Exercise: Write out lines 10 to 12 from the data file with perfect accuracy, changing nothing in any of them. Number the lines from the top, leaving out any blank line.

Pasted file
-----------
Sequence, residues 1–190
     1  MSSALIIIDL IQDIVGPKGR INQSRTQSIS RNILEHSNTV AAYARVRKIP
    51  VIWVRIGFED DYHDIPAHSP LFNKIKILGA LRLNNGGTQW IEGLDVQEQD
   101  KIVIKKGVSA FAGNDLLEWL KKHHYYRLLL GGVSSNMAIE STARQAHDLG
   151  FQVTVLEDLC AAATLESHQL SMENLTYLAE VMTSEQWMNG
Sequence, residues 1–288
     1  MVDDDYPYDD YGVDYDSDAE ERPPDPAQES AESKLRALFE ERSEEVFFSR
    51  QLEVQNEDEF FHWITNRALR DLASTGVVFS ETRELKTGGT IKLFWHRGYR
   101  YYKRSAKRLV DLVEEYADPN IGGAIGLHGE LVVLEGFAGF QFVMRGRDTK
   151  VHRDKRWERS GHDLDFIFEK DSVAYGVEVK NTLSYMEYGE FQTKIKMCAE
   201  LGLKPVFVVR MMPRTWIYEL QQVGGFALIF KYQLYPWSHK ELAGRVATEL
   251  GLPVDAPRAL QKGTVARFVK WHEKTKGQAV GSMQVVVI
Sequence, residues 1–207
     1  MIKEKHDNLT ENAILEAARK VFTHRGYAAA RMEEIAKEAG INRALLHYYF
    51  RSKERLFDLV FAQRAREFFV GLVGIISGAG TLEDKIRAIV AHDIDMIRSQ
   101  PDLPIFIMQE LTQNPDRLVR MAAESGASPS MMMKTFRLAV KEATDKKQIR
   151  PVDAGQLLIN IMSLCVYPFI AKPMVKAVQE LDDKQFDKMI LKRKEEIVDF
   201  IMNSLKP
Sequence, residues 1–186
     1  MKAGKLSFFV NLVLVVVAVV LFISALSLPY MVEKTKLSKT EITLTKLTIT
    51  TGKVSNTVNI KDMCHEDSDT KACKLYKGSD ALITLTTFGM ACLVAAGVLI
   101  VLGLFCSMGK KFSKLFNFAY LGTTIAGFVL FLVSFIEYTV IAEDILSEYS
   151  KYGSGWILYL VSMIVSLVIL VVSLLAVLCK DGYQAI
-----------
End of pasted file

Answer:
   151  VHRDKRWERS GHDLDFIFEK DSVAYGVEVK NTLSYMEYGE FQTKIKMCAE
   201  LGLKPVFVVR MMPRTWIYEL QQVGGFALIF KYQLYPWSHK ELAGRVATEL
   251  GLPVDAPRAL QKGTVARFVK WHEKTKGQAV GSMQVVVI